More figures came into view. A crowd of Frenchmen here, a fallen German sailor there, a captain with fire in his beard, women and men alike. A strong man from the islands shared a pipe with a Frenchmen who, I sense, he may have beheaded. All seemed well. All was merry, there was drinking and dancing and revelry. Eventually I focused on the most peculiar figure. At the great wheel, he stood over six feet tall with skin the color of sea weed and hair as red as fire. Wildly he spun the ship’s wheel, and yet the ship stayed steady. Every now and then he would shout out a song, and half the crew would take up this shanty or another, a symphony of languages to the same tune.

But stranger still than that man was the thing that emerged from the captain’s cabin. A towering figure, with a single red eye, beneath a man of hair and above a beard that seemed to large to belong to a man. Like a large crab, with a wide brimmed hat dripping jewels, he stood surveying. And then fixed his eye on me.

The Cyclopean Captain.png

Reaching a gloved hand out, I felt his gesture calling to me. All of them, beckoning me as their ship began to go farther out to sea, shimmering in the breeze. Wordless sirens, they sang to my heart, already wounded. The promised calm seas and celebration, and green hills and isles of gold. I jumped out of my shoes, flew out of my body onto it’s warm deck. I was young again, my stomach full of fire and laughter as I stood upon the floor, music filling the air. Their singing my song, the band invisible is playing my rhythm, and Delilah is there waiting for a dance.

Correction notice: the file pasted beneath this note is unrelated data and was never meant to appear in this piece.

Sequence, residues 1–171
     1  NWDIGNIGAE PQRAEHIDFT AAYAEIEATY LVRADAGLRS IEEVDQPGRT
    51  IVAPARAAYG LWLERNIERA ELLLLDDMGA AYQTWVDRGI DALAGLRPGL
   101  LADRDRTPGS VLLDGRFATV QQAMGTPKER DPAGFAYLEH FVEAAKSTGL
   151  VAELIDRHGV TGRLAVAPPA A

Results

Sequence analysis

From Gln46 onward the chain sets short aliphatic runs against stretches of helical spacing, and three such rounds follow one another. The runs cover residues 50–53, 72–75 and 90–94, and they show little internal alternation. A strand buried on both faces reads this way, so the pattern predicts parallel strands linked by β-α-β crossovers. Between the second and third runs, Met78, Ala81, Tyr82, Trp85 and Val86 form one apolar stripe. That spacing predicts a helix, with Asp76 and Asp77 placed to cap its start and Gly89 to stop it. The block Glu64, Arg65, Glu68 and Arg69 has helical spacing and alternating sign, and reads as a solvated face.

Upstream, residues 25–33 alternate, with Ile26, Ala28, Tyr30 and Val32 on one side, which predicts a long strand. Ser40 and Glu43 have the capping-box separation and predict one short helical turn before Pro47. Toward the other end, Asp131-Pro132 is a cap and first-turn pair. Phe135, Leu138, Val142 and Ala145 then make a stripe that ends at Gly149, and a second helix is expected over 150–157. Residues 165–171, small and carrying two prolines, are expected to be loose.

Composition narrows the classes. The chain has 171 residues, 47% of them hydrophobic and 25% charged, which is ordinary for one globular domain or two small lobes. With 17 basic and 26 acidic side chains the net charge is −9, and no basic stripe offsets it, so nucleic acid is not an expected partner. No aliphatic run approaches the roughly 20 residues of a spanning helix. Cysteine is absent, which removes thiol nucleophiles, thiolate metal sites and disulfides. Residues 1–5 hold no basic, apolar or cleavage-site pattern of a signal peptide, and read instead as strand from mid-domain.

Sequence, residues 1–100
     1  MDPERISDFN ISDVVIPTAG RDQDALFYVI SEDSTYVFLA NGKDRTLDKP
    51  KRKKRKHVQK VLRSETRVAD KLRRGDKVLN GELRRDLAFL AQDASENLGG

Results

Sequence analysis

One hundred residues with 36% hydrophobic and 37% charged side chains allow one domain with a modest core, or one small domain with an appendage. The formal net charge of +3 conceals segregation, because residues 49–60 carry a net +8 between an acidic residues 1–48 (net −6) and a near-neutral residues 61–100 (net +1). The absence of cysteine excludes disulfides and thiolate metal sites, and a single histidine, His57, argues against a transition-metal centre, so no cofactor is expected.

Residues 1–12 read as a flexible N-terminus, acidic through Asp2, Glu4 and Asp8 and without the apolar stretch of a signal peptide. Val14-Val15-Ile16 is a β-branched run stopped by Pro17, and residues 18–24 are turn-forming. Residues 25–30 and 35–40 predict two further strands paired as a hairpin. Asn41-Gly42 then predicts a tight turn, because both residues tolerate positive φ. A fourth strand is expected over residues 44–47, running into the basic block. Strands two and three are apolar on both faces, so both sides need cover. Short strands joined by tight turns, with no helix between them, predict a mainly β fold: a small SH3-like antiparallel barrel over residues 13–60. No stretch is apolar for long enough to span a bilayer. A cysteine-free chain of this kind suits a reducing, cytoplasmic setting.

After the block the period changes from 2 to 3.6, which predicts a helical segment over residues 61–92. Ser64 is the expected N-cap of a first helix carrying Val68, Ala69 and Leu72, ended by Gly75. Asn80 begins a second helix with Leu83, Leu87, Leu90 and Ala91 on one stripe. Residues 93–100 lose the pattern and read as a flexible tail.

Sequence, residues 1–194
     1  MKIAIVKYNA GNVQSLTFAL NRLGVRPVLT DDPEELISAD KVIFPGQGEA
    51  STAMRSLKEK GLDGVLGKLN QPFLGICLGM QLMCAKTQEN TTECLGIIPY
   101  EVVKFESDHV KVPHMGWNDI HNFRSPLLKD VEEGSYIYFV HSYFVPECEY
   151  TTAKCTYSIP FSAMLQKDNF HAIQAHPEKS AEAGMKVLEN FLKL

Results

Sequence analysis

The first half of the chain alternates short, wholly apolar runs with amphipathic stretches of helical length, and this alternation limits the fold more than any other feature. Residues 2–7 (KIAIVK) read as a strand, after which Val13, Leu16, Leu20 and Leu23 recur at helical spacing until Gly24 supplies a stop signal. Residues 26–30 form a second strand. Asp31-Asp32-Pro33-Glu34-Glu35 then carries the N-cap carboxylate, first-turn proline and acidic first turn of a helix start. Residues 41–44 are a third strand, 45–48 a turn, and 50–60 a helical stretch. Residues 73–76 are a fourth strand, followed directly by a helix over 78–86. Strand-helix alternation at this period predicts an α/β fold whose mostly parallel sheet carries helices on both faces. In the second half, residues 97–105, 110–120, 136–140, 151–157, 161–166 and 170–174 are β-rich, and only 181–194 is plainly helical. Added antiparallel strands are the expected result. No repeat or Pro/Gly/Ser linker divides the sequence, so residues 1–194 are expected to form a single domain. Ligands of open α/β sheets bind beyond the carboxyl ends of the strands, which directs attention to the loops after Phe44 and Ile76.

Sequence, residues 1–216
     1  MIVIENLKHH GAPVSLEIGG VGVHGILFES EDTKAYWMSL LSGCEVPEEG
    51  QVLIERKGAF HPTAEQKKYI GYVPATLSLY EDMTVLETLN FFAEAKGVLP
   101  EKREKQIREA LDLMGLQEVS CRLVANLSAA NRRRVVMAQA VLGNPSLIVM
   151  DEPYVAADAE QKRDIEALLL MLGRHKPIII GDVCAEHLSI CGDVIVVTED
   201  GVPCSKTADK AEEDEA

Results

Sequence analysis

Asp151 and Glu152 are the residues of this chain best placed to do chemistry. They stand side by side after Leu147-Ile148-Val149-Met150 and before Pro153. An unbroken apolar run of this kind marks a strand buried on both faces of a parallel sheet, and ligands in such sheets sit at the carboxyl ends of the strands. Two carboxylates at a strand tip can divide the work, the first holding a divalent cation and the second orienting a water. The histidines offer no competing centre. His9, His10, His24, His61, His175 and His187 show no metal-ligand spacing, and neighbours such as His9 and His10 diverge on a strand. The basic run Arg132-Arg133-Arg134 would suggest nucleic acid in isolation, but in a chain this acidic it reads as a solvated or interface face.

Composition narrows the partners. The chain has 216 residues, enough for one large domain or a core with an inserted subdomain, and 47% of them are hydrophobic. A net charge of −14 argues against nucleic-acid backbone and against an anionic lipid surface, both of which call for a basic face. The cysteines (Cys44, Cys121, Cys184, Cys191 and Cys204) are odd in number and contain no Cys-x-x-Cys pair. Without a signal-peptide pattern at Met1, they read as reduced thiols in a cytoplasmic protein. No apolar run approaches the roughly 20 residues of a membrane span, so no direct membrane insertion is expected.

I mumble and try and to take a step forward. But something has caught my leg. I pull harder, as the ship beneath me is pulling away. As the rail hits my back, I cry out for them not to leave me, that I am soon coming. The crew don’t hear me as they fade away.

Again on the misty cliffs of Moher I sit, alone on darkened stones, staring into the pale sea. The black waters below smash with little fanfare along the shore and cliff face, leaving small traces of salt in open wounds along the rock. I get up, and turn to walk away. But somethings still fastened, lightly, to my leg. Looking down I see it fade. A pale white hand, back into the stones, lets me go at last as I head back to the road.

 

———–

I’m not terribly fond of this one. The hook of alluring memories of younger days occured to me two days before it was finished, and I don’t feel like I had the time or creativity to extend it longer than it was. It feels like a small scene in a larger story, which might be a good place for it. I am oddly fond of my illustrations this time though.